The objective of this study was to investigate the spatial and temporal variability in strawberry and grape production systems using aerial digital multispectral imagery, along with reference ground-truth data. Another objective was to identify and extract citrus trees from QuickBird satellite image for obtaining tree count.
Two images were acquired for strawberries in 2002 to study differences in crop growth. Two images for grapes were acquired, one year apart in 2004 and 2005 around the same crop growth stage (veraison). The ground-truth for both the crops included: 1) soil and plant information, 2) apparent soil electrical conductivity data, and 3) yield data. A QuickBird satellite image was acquired in 2004 to identify and extract citrus trees and to determine tree count. The reference tree count was acquired through a 30 cm spatial resolution digital ortho quadrangle quad (DOQQ).
The aerial and satellite images were geometrically corrected, reprojected and subsetted to obtain images of the study site. The images used for studying grape production were converted to a reflectance image using empirical line approach. The digital count value contained in the QuickBird image was converted to spectral radiance values before extracting citrus trees. The relationships between image data and reference ground-truth were determined for strawberries and grapes. Different pan sharpening methods were tried to enhance the spatial details on multispectral QuickBird satellite image. A methodology was developed and tested for extracting citrus trees from pan sharpened QuickBird image using commercially available image object analysis software.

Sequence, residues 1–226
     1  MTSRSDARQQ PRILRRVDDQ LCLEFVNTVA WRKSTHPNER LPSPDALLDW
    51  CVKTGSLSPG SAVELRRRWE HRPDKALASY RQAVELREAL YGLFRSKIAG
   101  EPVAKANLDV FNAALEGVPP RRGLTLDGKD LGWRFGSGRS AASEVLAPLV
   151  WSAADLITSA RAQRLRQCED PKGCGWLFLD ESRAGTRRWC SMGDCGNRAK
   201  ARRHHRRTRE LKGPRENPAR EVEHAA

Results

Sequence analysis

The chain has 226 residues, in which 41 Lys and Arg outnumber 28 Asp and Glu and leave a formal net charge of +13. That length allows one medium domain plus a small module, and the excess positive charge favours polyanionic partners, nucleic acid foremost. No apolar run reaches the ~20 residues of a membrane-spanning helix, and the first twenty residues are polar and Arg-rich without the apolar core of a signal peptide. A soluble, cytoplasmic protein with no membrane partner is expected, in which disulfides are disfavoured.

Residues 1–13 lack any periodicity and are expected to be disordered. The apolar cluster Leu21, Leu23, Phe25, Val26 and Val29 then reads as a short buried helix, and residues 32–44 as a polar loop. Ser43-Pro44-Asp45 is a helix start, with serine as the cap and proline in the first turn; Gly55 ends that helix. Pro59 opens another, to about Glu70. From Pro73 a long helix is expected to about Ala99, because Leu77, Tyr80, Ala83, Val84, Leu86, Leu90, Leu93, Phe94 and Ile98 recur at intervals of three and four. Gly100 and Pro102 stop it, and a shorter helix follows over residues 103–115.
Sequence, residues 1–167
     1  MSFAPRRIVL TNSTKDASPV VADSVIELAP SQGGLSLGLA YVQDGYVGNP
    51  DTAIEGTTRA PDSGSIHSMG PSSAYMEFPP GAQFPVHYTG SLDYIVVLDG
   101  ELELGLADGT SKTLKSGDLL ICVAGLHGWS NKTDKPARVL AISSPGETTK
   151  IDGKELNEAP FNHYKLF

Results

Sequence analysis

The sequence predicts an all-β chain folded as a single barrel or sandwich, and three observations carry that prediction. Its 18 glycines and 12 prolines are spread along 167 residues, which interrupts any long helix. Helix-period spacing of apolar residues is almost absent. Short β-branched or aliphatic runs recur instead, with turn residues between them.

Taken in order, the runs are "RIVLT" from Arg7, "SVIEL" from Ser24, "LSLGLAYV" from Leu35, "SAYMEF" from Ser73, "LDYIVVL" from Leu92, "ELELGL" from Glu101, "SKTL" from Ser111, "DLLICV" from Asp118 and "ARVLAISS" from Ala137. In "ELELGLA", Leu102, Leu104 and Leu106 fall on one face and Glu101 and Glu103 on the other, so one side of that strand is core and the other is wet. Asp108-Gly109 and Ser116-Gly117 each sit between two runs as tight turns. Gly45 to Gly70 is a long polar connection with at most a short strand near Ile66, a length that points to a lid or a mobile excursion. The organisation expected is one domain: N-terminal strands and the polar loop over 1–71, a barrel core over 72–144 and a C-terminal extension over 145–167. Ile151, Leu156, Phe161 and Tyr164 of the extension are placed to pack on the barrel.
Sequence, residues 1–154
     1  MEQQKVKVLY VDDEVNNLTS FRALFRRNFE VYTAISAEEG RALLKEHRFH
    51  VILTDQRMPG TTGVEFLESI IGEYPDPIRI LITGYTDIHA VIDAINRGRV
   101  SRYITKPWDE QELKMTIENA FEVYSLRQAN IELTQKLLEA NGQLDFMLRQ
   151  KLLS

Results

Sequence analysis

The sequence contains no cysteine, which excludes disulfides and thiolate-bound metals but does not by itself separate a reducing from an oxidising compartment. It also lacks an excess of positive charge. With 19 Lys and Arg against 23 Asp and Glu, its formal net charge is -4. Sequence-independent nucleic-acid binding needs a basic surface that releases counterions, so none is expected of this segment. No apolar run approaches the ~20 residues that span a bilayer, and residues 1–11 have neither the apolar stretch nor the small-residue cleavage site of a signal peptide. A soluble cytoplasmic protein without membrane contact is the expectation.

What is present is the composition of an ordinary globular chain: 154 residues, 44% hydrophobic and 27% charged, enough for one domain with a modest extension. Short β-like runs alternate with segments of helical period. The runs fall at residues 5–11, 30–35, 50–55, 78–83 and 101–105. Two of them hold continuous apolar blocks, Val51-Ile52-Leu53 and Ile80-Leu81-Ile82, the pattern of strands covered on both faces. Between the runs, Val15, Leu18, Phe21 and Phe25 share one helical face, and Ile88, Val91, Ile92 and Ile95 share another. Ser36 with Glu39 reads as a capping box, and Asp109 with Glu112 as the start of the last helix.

The relationships between soil-plant variables and image data were found to be dependent on the growth stage in strawberries. The best linear and non-linear model estimated 42% and 56% of strawberry yields, respectively. Vegetation indices (NDVI, RVI and SAVI) derived from digital multispectral aerial image data provided a better estimate of leaf area index (r2 = 0.81, 0.78, and 0.58, respectively) than yield of grapes (r2 = 0.14, 0.15, and 0.11, respectively). The best net and gross accuracy of tree count was found to be 78.1.6% and 62.1% on QuickBird satellite image pan sharpened by Gram-Schmidt method.
|School:||The Ohio State University|
|Department:||Food, Agricultural, and Biological Engineering|
|School Location:||United States -- Ohio|
|Source:||DAI-B 79/10(E), Dissertation Abstracts International|
|Keywords:||Ec, Geospatial, Gis, Gps, Remote sensing, Yield variability|
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